Posted by: Mike Cornelius | March 4, 2018

Old Phil Still Thrills

The PGA Tour may have its headquarters in Florida, but in both its membership and its schedule it is a world golf tour. The massive weekly purses as well as the history and prestige of many of its events combine to attract top professionals irrespective of their birth country. Both the Open Championship and the Canadian Open have long been a part of the Tour’s calendar, which now also features regular events in Malaysia, Korea, and Mexico. In addition, for nearly a decade the HSBC Champions, one of the four World Golf Championship events, has been played in China. Last year another of the WGC events was moved from Doral Country Club in Miami to Club de Golf Chapultepec in the suburbs of Mexico City, giving that country its second stop on the Tour’s annual schedule.

That was where an elite field of sixty-five gathered this weekend. The WGC events are all played with limited fields. In the case of what is now known as the WGC – Mexico Championship, invitations are issued to the top fifty golfers in the Official World Rankings, and to those at the top of the money lists of the PGA, European, Asian, Japan, Australasia and Sunshine (South African) Tours.

Every so often a Craig Parry or Russell Knox will lift the trophy at the end of a WGC event, but by and large these tournaments produce the best efforts by the best golfers in the world. Tiger Woods has won eighteen WGC events. Dustin Johnson has won five and is the only golfer to have one all four tournaments at least once. Jason Day, Rory McIlroy, Adam Scott, Ernie Els, and Hideki Matsuyama have all won multiple times at these international gatherings.

That history was belied by Thursday’s first round leader board. South African Louis Oosthuizen was alone at the top after a 7-under par 64 on the par 71 layout that measures more than 7,300 yards but plays considerably shorter because of the altitude. Oosty at least has a major win at the 2010 Open Championship and has been runner-up at all four majors. But his closest pursuers were anything but household names. Xander Schauffele of the U.S., England’s Chris Paisley, and Indian golfer Shubhankar Sharma shared second place, one shot back of Oosthuizen.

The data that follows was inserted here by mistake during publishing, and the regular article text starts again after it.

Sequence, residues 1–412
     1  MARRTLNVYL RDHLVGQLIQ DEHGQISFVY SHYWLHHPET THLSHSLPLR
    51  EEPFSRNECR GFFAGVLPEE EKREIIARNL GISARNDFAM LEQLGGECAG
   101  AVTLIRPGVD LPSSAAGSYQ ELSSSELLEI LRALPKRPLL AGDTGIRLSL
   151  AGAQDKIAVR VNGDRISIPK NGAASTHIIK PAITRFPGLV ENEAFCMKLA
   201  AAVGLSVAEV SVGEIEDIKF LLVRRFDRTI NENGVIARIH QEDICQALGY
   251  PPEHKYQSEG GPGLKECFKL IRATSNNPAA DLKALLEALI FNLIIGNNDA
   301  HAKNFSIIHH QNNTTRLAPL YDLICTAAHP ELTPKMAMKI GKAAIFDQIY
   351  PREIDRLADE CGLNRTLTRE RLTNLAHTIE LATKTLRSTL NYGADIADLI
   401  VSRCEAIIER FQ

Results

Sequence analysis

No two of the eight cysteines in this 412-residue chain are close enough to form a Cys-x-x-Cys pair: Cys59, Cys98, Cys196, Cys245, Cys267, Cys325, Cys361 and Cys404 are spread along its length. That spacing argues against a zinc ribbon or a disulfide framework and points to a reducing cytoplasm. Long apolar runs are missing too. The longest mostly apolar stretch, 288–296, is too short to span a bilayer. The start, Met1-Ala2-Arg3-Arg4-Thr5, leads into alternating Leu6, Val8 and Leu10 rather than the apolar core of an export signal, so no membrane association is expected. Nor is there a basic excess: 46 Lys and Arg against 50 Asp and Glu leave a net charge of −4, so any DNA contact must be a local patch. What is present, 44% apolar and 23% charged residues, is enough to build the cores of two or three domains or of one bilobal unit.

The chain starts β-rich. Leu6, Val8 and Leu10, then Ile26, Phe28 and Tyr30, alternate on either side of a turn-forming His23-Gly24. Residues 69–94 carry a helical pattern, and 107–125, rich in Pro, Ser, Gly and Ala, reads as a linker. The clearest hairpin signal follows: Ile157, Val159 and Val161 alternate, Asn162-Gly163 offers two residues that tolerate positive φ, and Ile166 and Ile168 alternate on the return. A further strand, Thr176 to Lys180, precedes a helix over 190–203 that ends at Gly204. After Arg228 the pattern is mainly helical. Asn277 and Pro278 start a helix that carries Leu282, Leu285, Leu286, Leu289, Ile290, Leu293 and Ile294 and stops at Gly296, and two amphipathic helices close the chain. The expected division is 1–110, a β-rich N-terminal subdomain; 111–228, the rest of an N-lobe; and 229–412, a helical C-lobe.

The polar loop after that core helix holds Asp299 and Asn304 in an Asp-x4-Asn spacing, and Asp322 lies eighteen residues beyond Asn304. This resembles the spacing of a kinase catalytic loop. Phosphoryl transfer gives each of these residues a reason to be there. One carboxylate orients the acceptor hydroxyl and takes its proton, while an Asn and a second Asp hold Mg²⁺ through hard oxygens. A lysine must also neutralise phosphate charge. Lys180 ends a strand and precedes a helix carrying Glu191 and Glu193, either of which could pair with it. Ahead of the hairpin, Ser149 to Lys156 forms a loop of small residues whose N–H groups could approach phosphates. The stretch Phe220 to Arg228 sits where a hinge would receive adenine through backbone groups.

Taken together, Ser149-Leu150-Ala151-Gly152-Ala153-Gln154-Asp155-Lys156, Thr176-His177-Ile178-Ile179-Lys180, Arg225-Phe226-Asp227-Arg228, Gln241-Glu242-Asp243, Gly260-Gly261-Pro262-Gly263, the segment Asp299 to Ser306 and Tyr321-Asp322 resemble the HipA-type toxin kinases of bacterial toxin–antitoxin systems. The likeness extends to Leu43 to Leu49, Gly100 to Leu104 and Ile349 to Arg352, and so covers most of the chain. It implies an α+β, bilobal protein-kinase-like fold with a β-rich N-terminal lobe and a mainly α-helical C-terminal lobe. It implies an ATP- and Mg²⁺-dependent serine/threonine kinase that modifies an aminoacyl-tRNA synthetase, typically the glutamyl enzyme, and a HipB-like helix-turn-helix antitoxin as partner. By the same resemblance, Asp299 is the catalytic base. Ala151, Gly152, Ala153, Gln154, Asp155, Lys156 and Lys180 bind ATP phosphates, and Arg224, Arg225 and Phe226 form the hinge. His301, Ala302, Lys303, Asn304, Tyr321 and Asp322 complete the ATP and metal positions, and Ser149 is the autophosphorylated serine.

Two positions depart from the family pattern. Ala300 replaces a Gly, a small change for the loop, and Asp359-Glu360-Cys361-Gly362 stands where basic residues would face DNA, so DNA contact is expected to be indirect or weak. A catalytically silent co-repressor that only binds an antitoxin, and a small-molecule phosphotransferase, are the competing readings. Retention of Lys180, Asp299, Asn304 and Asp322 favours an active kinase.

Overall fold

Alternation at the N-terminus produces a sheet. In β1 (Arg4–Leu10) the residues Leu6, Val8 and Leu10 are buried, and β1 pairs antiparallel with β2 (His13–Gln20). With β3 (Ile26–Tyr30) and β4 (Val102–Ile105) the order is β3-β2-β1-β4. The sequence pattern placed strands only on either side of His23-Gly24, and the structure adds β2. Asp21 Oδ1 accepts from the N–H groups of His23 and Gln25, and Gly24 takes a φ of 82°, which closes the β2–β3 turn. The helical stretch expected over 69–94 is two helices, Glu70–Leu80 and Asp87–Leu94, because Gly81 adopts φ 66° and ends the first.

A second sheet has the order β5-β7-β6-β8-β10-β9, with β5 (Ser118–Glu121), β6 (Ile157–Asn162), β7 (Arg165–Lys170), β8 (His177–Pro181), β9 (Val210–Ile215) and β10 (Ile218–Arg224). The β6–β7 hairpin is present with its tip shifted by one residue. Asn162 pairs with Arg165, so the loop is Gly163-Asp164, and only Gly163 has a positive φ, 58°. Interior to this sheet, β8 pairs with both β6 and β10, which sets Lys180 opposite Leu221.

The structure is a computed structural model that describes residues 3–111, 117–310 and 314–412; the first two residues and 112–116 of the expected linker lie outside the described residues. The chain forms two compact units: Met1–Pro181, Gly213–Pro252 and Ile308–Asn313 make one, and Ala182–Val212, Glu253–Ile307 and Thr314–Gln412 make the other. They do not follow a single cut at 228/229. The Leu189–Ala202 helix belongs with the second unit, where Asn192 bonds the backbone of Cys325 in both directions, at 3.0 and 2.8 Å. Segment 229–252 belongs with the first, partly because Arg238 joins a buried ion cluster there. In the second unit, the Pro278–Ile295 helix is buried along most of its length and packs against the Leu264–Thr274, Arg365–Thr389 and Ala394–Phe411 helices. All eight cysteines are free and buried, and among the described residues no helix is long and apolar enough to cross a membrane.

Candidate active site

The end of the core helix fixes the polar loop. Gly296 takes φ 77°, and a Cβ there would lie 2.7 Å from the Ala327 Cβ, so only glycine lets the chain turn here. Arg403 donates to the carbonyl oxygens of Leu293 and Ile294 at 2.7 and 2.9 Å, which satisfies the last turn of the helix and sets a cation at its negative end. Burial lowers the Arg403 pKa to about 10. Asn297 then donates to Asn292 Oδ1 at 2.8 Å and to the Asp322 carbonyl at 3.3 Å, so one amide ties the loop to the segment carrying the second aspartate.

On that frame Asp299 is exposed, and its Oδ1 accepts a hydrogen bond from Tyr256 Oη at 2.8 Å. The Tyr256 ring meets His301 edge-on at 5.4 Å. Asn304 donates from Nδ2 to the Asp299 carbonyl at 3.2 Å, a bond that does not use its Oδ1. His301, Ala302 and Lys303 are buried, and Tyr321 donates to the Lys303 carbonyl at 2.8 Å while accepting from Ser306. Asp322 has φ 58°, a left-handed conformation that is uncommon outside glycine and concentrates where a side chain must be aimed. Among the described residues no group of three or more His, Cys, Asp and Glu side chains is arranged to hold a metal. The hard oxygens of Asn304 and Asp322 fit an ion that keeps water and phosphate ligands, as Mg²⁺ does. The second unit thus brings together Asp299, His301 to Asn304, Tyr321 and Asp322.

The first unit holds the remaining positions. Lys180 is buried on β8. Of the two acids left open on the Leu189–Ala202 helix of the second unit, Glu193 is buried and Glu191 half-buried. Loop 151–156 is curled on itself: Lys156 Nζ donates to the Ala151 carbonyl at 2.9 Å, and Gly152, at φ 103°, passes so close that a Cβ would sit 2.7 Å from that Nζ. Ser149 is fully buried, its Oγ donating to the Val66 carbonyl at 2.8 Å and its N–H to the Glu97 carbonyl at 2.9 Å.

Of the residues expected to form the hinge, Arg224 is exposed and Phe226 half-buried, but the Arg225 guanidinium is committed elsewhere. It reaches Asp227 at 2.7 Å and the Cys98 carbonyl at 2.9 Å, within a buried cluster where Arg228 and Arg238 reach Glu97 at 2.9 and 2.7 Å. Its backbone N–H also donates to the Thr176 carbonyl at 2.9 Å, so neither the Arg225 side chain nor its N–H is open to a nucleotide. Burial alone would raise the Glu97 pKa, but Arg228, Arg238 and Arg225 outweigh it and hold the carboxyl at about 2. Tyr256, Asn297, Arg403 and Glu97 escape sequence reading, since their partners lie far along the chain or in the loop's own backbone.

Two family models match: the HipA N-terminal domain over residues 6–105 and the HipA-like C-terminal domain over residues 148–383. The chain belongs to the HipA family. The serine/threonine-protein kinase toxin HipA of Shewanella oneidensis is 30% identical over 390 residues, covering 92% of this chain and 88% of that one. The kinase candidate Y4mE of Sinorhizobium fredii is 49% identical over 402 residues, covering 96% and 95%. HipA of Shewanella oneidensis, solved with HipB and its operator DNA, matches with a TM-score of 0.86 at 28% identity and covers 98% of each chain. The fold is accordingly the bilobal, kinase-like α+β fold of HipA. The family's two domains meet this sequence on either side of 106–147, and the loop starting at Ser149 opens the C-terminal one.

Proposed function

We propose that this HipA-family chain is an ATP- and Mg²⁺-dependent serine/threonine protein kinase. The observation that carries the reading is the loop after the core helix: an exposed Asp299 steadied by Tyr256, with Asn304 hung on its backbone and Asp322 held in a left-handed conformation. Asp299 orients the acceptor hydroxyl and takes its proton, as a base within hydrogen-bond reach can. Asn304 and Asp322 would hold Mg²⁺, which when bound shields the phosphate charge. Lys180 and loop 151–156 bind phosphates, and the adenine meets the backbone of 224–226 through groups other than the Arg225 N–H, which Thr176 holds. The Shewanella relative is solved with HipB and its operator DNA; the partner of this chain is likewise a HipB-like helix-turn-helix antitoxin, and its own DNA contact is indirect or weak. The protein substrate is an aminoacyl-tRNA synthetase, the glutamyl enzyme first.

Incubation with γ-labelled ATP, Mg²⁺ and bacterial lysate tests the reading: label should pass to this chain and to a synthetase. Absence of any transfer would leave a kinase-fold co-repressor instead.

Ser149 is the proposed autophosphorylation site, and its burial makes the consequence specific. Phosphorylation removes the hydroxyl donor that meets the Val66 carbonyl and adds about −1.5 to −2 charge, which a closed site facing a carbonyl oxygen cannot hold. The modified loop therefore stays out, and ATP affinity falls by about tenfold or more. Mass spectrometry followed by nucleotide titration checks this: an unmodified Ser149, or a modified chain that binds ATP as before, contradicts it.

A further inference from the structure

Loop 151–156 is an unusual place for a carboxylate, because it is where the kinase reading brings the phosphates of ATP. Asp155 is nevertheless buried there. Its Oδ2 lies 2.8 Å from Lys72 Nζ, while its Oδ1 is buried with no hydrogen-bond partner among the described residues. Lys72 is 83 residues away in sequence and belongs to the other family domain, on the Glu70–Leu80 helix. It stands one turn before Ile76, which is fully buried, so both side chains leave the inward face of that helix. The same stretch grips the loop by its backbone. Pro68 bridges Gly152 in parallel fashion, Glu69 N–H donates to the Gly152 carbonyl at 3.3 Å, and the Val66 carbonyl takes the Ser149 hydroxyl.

Golf fans hoping for a return to what could be called WGC normalcy were forced to wait until most of the tournament’s 72 holes had been played. Sharma, a 21-year old whose place atop the European Tour money list thanks to a pair of early season wins earned him entry to this event, added a 66 on Friday and a 69 on Saturday to his opening 65, good enough for a two shot lead after both the second and third rounds. By the time Sunday’s final round began there were just four notable names among the top ten. Phil Mickelson and Sergio Garcia were among four golfers tied for second, Dustin Johnson was another stroke adrift in a four-way tie for sixth, and Justin Thomas, fresh off victory at last week’s Honda Classic and arguably the hottest golfer on the planet with six PGA Tour wins in the last fourteen months, was along in tenth place at 9-under par.

Fans handicapping which of those four had the best shot at giving this WGC tourney a familiar finish likely favored Garcia or Johnson. The former is the reigning Masters champion and won twice more last year on the European Tour, while the latter won this event last year and owns a WGC record that is second only to Woods. As good as Thomas has been over the past year, he had the most ground to make up and the most golfers to pass of the four stars.